6 Replies Latest reply: Jun 13, 2007 4:25 PM by Calvados
GeekBeard Level 1 Level 1 (0 points)
Hello hello,

I was wondering if there was any way to create a transparently compressed folder under OSX? Windows has a checkbox entitled 'compress contents' which I frequently used to store things that were half way between archival and usage in my workflow. (In other words, I didn't need to use them much, but if I did, they were just part of the filesystem)

Is this possible in OSX? Is there a piece of software that lets me compress individual folders, or perhaps the entire disk? It would really help make things easier for me space wise.

Thanks!

Message was edited by: GeekBeard (fixed spelling error in title)

Mac OS X (10.4.9)
  • Kappy Level 10 Level 10 (250,665 points)
    You can compress individual files or folders by selecting the item and pressing CTRL-mouse click to open the contextual menu. Select "Create Archive ..." from the contextual menu. You will need a de-archiver to extract the files from the archive. Try the freeware The Unarchiver - VersionTracker or MacUpdate.

    OS X does not support compressed disks or files similar to Windows' filesystem.
  • GeekBeard Level 1 Level 1 (0 points)
    Thanks Kappy, but surely there must be some utility to do this. Older macs used to support this sort of thing using doublespace or stacker, surely some third party piece of software must exist that does this?
  • Kappy Level 10 Level 10 (250,665 points)
    Yes, older Macs did but not as part of the OS. Doublespace and Stacker were third-party add-ons. Such products do not exist for OS X to my knowledge.

    You can create disk images using Disk Utility that support compressing data as they are added to the image file. You don't have to burn the disk image to a CD or DVD but can simply leave it on the hard drive and mount it when needed. You can specifically create a sparse image that starts off as a small image and will grow automatically as needed. Open Disk Utility and select Disk Utility Help from the Help menu to learn more about creating and using disk images.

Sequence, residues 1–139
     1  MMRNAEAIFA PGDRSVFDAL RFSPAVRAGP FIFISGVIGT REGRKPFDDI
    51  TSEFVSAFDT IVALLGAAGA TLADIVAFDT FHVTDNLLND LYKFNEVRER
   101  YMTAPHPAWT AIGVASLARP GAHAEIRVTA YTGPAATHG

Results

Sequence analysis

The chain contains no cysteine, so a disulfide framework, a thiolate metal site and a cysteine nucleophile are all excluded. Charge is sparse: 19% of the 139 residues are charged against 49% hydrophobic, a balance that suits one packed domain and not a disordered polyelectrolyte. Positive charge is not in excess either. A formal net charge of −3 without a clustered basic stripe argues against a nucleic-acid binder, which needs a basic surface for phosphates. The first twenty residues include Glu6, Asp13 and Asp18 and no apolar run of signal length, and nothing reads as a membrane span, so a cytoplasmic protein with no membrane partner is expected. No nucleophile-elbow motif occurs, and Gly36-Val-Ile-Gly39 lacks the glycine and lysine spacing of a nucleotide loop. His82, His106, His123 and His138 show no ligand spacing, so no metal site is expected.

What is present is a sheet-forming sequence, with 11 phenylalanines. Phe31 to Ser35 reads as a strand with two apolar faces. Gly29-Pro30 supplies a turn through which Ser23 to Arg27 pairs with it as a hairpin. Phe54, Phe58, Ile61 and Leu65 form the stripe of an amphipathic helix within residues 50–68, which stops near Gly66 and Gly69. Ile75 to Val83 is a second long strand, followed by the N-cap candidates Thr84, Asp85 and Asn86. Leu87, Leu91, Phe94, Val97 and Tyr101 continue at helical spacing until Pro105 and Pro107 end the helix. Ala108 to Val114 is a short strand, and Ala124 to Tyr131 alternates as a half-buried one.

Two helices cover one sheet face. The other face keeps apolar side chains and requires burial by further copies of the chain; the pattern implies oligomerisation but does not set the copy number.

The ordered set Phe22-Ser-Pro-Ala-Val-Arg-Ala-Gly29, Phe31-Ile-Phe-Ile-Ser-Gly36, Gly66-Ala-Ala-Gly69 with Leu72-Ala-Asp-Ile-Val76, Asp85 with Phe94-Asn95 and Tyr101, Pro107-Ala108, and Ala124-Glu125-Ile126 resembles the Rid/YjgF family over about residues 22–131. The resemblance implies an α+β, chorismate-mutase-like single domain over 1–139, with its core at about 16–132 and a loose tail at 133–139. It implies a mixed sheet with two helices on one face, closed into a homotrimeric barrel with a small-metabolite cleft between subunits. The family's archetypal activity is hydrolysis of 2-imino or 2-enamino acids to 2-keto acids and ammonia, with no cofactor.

• a brody Level 9 Level 9 (64,285 points)
    I would caution against relying on compression too much. It is better to get a larger drive, or burn to CD and DVD than try to compress so much that data gets corrupted more easily. Secondly, compression software may not always be available in the future. So if there is a critical file you need, it is better to keep it in its native format. And of course always keep at least two copies of your data at all times.
  • GeekBeard Level 1 Level 1 (0 points)
    I dunno, I think compression is pretty much a requirement for contemporary archive. One could even argue that storing files in a contemporary format is superior to just letting them sit on the filesystem.

    For example, nearly all compressed files store some kind of CRC or digest of the data, so you at least know when your file becomes corrupt. Some include error correcting information and duplicates of the directory structure stored in a linear format, so that if the master directory goes down it can still manually scan through and find things that are still present. In addition, storing things in a compressed archive means that you're storing over fewer sectors, meaning that you have a lower probability of a bad sector appearing underneath your data. (though it will do greater damage to that file if it does)

    This is part of my process of keeping two copies of my data at all times. In this case, I archive my images to flickr as well as burn them off to DVDs. However, it's nice to have them all instantly accessable, but nice to not have them take up more space than they need. When dealing with Tiffs (even compressed), this can be a very substantial savings.

    Nick
  • Calvados Level 2 Level 2 (355 points)
    Backup media have gone obsolete on me a lot more often than compression software. I now have no way to read most of the tapes and disks that I once used for backups, but I can still uncompress compressed files and archives that I compressed more than 20 years ago.

    I agree that generally disk space is cheap, that compression can slow down processing, and that with compression corruption can cause more damage than otherwise. Backups will help protect against the risk of corruption.